Tu sei qui

Direct healthcare costs and resource consumption after acute coronary syndrome: a real-life analysis of an Italian subpopulation

Data pubblicazione: 

22 Marzo 2013


Daniela P Roggeri, Alessandro Roggeri, Elisa Rossi, Elisa Cinconze, Marisa De Rosa, Aldo P Maggioni, and on the behalf of the ARNO Cardiovascular Observatory


European Journal of Preventive Cardiology 2047487313483608, first published on March 20, 2013 as doi:10.1177/2047487313483608

Background Acute coronary syndrome (ACS) is the most common cause of morbidity and mortality in Italy and worldwide. Aim of this study was to evaluate the average annual direct healthcare costs for the treatment of patients with a recent hospitalization for ACS.

Design and methods The direct medical costs of patients with a first ACS hospitalization (index event) in the period from 1 January 2008 to 31 December 2008 were estimated for a 1-year follow-up period. The resource consumption was measured in terms of: reimbursed drugs, diagnostic procedures, outpatient visits, and hospitalizations. The analysis was performed from the Italian National Health Service perspective.

Results A total of 2,758,872 subjects were observed, 7082 (35.8% women) of whom being hospitalized for ACS during the accrual period (2.6‰). Among patients with ACS, 60% were medically treated, 33.1% were treated with percutaneous coronary intervention (PCI), and 6.9% died during the index hospitalization. Dual antiplatelet treatment (ASA plus clopidogrel) was prescribed in 25.9% of the medically treated ACS patients and in 70.1% of the ACS patients treated with PCI. The average yearly cost per patient for the total ACS population was 11,464€/year (drugs 1304€; hospitalizations 9655€; diagnostic and outpatient visits 505€). The average annual cost was 10,862€ for medically treated patients and 14,111€ for patients treated with PCI. Patients who died of cardiovascular events during follow up had an average cost of 16,231€/patient.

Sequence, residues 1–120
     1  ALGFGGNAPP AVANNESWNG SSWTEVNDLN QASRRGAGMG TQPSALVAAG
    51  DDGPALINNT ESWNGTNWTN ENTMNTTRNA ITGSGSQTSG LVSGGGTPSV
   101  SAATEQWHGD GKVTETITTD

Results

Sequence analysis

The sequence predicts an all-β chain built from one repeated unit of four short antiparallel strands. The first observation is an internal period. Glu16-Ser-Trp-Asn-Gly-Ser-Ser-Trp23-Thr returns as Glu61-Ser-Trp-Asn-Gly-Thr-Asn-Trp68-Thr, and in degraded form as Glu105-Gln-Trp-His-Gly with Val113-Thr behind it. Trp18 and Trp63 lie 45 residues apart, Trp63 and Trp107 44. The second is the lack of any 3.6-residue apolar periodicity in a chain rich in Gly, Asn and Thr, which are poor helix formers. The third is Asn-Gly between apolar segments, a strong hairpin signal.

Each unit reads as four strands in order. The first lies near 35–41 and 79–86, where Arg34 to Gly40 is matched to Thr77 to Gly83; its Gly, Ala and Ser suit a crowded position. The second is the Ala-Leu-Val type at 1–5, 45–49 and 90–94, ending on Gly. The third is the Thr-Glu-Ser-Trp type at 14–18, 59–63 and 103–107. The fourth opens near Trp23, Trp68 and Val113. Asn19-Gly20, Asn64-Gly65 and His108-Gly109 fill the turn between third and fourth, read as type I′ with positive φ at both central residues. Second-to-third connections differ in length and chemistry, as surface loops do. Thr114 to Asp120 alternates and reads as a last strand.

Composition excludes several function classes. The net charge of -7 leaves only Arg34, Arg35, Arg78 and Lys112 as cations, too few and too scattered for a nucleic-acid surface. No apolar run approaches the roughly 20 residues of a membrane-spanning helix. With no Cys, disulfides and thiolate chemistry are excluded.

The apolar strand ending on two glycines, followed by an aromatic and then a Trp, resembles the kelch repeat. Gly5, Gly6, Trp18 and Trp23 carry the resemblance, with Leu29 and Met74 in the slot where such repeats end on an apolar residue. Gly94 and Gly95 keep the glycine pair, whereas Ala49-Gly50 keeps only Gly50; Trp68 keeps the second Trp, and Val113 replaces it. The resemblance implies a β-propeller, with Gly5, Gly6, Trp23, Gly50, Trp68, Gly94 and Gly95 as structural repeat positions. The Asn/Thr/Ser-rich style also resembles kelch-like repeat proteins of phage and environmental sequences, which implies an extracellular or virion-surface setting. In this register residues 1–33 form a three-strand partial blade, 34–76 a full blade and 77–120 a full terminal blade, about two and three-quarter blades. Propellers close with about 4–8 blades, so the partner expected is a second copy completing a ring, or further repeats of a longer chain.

Conclusions Patients with ACS had higher direct healthcare costs, their management and rehospitalizations being the main cost drivers.